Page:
June 7 Update
I thought I would provide a quick update to what's happening with Pagliano.
His lawyers asked the judge to restrict Judicial Watch videotaping Pagliano's deposition. They told Judge Sullivan Pagliano will be pleading the Fifth.
Judge Sullivan asked Pagliano's lawyers to file their legal argument for Pagliano pleading the Fifth, and also asked them to file a copy of the immunity agreement he received from the Justice Department.
Federal immunity agreements are typically specific to witness testimony, and restricted to exactly the events under investigation. It's not a blanket get out-of-future issues card.
Pagliano's lawyers have filed the immunity agreement under seal, which isn't surprising because the publication of the specifics of the agreement could hamper the ongoing investigation.
So, it's anyone's guess whether Pagliano will be deposed or not. We may not know until next week. In the meantime, Pagliano's lawyers provided their legal argument for Pagliano claiming the Fifth. A general argument makes no sense, because it's perfectly acceptable to use the Fifth in a civil lawsuit.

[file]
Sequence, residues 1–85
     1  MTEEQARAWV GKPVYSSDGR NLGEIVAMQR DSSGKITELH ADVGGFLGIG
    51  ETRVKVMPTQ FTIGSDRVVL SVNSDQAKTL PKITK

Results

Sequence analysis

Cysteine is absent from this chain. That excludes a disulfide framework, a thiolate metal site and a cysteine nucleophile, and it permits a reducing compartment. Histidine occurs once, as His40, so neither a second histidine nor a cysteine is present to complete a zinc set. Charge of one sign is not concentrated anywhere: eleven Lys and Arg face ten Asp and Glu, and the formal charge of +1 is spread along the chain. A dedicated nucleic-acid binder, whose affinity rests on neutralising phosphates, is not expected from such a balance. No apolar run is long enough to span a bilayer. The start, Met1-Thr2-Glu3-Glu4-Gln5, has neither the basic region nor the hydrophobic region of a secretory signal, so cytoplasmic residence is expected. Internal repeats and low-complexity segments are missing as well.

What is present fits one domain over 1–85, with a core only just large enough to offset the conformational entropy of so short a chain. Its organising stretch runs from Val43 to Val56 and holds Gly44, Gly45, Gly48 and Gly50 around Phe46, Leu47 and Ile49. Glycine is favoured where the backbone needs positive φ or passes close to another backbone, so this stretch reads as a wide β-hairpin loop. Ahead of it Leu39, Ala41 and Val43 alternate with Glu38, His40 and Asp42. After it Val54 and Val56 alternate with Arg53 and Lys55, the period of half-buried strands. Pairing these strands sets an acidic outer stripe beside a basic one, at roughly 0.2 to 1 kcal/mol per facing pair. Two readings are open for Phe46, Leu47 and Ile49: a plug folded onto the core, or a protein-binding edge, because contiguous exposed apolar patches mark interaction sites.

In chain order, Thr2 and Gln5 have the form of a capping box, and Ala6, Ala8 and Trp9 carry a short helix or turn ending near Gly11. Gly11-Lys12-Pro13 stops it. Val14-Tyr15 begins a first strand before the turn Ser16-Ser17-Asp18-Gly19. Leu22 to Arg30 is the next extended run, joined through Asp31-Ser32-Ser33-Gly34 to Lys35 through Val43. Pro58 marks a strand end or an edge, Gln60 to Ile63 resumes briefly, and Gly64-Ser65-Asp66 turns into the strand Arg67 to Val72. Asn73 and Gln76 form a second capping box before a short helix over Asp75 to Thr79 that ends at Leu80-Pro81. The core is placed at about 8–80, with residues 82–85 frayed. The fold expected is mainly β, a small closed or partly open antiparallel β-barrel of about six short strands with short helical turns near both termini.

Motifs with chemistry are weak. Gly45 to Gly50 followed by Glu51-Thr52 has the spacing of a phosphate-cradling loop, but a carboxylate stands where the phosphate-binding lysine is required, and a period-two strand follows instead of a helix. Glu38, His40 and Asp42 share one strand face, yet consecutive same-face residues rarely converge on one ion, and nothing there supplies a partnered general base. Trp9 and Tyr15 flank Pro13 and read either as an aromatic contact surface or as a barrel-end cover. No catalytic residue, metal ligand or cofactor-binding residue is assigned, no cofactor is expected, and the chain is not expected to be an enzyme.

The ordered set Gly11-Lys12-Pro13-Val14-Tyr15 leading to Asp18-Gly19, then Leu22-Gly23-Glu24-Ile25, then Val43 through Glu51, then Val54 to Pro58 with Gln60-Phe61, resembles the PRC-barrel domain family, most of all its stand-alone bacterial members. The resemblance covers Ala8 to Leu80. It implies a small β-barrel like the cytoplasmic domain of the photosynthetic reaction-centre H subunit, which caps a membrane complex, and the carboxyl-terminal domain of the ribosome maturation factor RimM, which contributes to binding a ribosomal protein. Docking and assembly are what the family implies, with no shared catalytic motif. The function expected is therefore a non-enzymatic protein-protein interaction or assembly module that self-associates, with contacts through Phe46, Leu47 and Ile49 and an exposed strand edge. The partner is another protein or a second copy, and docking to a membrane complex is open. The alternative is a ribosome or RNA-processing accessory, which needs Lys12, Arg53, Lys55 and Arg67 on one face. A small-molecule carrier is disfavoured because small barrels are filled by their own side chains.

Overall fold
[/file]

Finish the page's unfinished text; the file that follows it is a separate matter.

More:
And all of this is still absurd for a FOIA lawsuit.
Than Judge Sullivan is asking Judicial Watch to provide an argument why the DOJ immunity letter should be unsealed. This is crackers--it doesn't need to be unsealed, it's not relevant to Judicial Watch's lawsuit.
Bryan Pagliano, the geek who helped maintain Hillary Clinton's email server while she was in State, just wants to be left alone. No, really, he just wants to be left alone.
He invoked the Fifth when he testified in Congress, has declined to speak to the Press, he only spoke to the FBI after immunity was granted, and he's stated that he'll invoke the Fifth again when he's deposed by Judicial Watch on June 6.
In the latest court filings, Pagliano's lawyer, Connor Mullin has asked that the Judge prohibit videotaping of his pleading the Fifth on Monday, arguing that the video would not be useful since he was pleading the Fifth. As Mullin noted, videotapes are a means by which the Judge and/or juror can determine the credibility of a witness; when a person has no intention of making any assertions, credibility is moot.
Pagliano's lawyer also noted that the case is highly political in nature, an assertion corroborated by Judicial Watch's Tom Fitton numerous interviews with the media (including the one in the video related to my previous writing on the Clinton email depositions). In the filing, Mullin noted, "Mr. Pagliano is a nonparty caught up in a lawsuit with an undisputed political agenda."